[LMB] OT: Genetics & Culture

M R Dolbear fm little.egret at dolbear.fastmail.fm
Fri Nov 17 01:18:53 GMT 2017



On Thu, 16 Nov 2017, at 23:22, Matthew George wrote:
> No, the reason humans need dietary vitamin C is that for some unknown
> reason our distant ancestors lost the enzymatic pathway to synthesize it.
> Other mammals can make it - indeed, one reason Native Americans in the
> far
> north didn't get scurvy is that they ate certain organs, or all their
> meat,
> raw.  I vaguely recall one ethnologist discussing how after hunting a
> moose
> and butchering it for cooking and preservation, (I think) the adrenal
> glands were carefully cubed and distributed raw to everyone in the tribe.
> 
> We survived despite losing the ability to make this essential nutrient
> because our early diets were rich in it.  But as far as anyone can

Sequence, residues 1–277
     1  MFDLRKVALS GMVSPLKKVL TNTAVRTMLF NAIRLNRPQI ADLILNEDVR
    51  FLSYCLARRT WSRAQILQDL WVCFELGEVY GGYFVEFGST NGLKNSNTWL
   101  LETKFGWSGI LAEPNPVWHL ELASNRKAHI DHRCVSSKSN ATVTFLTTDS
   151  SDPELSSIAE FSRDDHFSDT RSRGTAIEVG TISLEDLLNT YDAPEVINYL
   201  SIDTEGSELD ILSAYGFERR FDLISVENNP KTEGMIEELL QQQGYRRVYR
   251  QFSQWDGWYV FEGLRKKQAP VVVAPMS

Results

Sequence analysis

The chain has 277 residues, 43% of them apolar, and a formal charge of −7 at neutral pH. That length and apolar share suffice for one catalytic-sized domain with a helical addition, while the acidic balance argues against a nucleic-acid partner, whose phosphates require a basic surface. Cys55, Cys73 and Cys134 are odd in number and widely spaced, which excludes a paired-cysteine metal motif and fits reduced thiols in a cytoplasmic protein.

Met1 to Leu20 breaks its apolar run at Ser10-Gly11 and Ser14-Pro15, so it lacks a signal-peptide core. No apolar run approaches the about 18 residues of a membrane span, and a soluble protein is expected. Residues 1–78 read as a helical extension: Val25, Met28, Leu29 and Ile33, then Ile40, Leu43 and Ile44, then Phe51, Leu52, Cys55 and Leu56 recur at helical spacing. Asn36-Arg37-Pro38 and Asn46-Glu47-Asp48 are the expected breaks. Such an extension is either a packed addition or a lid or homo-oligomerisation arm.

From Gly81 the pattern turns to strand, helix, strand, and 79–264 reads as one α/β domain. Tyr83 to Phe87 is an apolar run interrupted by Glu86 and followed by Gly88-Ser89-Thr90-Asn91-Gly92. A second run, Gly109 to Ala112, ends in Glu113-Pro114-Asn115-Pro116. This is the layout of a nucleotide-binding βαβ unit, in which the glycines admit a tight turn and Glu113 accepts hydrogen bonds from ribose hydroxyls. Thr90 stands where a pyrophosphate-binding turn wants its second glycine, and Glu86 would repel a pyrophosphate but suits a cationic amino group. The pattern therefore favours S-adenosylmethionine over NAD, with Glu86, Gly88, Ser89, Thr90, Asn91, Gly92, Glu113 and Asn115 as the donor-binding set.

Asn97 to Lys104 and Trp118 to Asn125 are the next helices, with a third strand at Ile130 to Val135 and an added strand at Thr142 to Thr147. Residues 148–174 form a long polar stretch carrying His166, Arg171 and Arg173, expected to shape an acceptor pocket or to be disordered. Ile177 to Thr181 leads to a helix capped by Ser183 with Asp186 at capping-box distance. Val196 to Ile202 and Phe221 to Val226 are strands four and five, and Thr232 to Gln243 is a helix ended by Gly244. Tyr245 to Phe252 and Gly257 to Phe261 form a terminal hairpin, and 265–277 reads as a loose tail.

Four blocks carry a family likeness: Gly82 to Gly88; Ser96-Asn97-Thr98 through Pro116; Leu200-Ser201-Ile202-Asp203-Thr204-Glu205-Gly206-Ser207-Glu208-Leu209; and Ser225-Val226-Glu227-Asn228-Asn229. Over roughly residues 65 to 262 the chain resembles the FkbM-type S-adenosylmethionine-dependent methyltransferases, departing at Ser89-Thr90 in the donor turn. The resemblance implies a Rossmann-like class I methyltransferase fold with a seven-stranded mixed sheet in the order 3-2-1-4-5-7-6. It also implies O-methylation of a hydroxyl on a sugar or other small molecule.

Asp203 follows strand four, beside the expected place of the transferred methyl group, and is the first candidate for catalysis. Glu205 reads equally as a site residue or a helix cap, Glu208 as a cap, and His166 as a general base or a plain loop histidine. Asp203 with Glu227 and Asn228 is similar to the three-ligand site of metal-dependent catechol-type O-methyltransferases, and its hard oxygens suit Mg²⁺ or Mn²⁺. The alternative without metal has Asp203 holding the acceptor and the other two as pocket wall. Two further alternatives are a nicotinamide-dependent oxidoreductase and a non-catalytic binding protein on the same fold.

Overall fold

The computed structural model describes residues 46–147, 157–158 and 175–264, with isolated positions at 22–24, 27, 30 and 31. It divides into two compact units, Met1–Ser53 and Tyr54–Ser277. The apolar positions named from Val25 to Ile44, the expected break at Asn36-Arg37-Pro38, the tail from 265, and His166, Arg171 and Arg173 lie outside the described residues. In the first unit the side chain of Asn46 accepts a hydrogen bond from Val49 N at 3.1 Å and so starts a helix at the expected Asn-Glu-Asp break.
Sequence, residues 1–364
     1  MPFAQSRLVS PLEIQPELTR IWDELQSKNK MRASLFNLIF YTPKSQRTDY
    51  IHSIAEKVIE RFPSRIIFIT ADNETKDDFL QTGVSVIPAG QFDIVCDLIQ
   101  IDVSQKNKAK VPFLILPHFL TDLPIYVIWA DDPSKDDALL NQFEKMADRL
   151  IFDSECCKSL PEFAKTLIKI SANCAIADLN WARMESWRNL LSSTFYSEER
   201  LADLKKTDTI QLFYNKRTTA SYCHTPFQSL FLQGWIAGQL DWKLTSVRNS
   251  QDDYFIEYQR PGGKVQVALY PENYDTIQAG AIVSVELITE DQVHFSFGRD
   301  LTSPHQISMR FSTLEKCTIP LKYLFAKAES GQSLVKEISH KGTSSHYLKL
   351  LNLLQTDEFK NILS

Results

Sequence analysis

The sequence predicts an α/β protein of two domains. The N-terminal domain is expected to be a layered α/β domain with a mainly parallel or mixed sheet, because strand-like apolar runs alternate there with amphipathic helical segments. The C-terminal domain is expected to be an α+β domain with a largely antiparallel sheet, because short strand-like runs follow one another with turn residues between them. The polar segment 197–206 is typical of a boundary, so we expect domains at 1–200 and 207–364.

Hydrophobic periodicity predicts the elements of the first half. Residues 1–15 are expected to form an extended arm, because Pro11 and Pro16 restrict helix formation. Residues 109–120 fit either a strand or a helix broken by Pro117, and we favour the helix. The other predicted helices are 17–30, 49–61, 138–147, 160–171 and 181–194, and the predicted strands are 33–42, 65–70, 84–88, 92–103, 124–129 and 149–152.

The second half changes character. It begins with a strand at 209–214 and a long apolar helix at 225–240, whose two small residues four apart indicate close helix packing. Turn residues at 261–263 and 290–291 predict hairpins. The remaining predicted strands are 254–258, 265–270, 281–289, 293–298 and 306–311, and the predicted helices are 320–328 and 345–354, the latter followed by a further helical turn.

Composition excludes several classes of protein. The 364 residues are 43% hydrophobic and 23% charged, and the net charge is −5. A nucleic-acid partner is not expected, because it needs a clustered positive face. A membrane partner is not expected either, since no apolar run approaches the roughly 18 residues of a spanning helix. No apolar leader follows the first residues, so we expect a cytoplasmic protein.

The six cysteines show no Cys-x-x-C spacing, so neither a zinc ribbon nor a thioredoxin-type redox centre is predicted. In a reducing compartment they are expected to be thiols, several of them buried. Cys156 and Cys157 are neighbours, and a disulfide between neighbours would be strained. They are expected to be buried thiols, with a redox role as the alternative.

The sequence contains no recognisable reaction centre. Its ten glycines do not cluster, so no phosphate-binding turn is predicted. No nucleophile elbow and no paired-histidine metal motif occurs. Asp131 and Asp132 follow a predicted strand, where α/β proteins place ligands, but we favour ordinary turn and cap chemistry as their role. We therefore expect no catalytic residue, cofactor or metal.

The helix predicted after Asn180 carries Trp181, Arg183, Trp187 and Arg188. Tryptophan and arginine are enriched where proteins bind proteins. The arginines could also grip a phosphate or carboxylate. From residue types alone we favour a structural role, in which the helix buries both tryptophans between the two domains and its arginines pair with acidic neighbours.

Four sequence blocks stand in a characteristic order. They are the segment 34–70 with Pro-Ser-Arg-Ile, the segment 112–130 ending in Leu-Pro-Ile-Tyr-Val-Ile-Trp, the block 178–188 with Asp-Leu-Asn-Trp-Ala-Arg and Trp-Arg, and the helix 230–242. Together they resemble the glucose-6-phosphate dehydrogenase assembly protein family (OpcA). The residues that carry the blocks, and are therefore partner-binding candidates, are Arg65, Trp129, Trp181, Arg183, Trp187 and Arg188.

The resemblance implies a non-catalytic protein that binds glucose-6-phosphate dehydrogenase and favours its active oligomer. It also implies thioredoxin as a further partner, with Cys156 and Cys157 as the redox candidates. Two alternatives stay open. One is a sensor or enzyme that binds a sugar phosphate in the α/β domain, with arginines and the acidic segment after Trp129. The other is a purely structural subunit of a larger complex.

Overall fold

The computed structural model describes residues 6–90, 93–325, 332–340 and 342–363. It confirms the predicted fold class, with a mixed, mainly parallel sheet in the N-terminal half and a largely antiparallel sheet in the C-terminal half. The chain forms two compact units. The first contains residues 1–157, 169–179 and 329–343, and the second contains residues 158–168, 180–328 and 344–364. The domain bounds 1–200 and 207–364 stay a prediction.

> determine, there's no benefit to having lost it.  Unlike the caecum or
> the
> vomeronasal organ, say.  (We technically still have a vestigal,
> nonfunctional version of both.)

> {NOT all} Other mammals can make it

Guinea pigs, Fruit eating bats can't.

https://en.wikipedia.org/wiki/Vitamin_C#Deficiency


 most bats, all guinea pigs, capybaras, and the Haplorrhini (one of the
 two major primate suborders, consisting of tarsiers, monkeys, and
 humans and other apes). Ascorbate is also not made by many species of
 birds and fish. All species that do not make ascorbate require it in
 the diet

-- 
Little Egret by email
Michael Dolbear in Walton-on-Thames


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